Ten state attorney generals in the United States have accused Google of illegally abusing the company’s abuse of its monopoly with regards the technology that makes its online ads run. According to the prosecutors, Google overcharge publishers for the ads that they show on the web and elbow out those companies that try to rival it. Furthermore, they claimed that Google has struck a deal with Facebook to lessen their efforts of competing with Google’s ad profits.
The ten states that will be using are Arkansas, Indiana, Kentucky, Texas, Missouri, Utah, South Dakota, North Dakota, Mississippi, and Idaho.
Ken Paxton, the Texas attorney general, described Google’s position in the free market as similar to being the pitcher, batter, and umpire in a baseball game. The complaint was filed in the U.S. District Court for the Eastern District of Texas. This falls on top of the bipartisan backlash against one of the world’s biggest tech firms.
The latest lawsuit is the first to be done by regulators in the US that focuses on the tools that are connecting buyers of ad spaces with the publishers who sell these. The company’s major profits come from advertisements. The prosecutors demanded financial sanctions and several structural changes but there were no specific details mentioned.
The lawsuit has also scrutinised Google’s operations as a search engine that offers search results and at the same time a broker for ad sales. Google is only one of the tech firms that are in trouble with the regulators. Facebook also faced lawsuits this month from the Federal Trade Commission (FTC) and across almost all the 50 states for abuse of monopoly.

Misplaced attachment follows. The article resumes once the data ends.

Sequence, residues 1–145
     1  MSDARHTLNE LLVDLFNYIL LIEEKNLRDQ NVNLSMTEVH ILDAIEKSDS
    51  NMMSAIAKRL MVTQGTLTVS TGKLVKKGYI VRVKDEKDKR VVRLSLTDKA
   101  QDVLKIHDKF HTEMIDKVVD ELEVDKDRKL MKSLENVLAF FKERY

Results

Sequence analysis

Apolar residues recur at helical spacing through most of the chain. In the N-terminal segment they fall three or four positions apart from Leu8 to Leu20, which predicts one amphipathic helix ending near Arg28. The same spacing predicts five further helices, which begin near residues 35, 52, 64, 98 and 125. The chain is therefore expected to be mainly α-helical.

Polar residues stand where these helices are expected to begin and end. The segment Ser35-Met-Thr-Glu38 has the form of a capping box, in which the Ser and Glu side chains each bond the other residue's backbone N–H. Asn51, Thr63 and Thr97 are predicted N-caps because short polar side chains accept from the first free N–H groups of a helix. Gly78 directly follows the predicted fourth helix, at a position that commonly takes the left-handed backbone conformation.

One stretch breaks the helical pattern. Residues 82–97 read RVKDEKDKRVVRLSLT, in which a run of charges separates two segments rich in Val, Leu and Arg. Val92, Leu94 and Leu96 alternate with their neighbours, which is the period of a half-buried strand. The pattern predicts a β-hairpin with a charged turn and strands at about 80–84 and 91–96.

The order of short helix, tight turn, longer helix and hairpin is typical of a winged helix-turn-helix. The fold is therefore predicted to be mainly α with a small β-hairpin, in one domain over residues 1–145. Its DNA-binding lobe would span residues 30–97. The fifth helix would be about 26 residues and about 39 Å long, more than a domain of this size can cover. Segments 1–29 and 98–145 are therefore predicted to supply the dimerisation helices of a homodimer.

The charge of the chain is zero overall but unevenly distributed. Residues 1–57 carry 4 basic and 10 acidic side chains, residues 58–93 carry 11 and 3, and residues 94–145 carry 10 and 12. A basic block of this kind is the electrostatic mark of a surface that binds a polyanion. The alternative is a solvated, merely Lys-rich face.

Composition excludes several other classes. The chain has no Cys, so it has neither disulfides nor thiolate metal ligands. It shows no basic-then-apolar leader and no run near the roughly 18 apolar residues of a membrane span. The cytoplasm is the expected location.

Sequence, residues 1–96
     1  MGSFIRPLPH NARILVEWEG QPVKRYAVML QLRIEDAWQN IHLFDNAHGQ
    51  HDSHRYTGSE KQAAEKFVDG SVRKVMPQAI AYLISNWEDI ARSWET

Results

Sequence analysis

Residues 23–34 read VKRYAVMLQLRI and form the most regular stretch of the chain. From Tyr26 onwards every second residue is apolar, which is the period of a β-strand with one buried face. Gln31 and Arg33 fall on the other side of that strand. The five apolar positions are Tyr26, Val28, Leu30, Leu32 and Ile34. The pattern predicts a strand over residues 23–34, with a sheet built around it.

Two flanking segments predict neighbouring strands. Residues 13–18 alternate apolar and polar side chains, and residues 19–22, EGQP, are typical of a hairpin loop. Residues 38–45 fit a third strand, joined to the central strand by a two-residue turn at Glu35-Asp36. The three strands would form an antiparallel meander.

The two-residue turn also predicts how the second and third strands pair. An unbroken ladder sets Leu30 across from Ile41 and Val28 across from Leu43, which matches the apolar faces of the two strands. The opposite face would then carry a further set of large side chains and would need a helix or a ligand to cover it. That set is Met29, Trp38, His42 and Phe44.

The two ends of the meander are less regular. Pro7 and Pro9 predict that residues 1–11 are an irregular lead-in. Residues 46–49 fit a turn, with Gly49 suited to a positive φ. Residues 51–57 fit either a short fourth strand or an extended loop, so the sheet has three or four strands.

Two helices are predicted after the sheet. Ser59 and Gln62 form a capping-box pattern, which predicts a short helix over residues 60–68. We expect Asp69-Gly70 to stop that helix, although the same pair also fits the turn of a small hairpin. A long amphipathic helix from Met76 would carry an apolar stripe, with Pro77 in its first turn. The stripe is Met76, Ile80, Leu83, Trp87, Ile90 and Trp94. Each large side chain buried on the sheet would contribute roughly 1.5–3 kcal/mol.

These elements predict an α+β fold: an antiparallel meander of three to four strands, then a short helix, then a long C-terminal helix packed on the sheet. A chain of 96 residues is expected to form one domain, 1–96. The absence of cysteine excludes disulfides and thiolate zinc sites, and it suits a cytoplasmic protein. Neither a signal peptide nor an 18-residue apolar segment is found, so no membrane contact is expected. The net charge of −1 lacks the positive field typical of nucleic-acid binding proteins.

In the UK and Europe, regulators have announced that new rules will be set to regulate Big Tech. Over time, internet giants have been criticised for their detrimental impact on content publishers and the global media industry. News organisations have been expressing their struggles for survival while tech giants and social network companies have thrived and earned by simply aggregating and reposting news.
The prosecutors who signed the complaint are all Republicans. The complaint is not part of the Justice Department’s case against Google. The department has its own antitrust inquiry into advertising technologies.
Google has set up and been using the system for selling ads online for over a decade. In 2007, Google bought DoubleClick, which offers technology and serves as a marketplace. It was a deal that led to Google’s being criticised for dominance. The company now controls software that has something to do with every step of the ad sales procedure.
Publishers have been contending that Google has been using its dominance to extract a much higher cut for every sale it makes without any contribution to content production. Google’s success is a stark contrast to the closures of newspapers and the shutting down of newsrooms. Just this year, Google said that it will pay publishers over $1 billion for the next three years by implementing a new licensing program.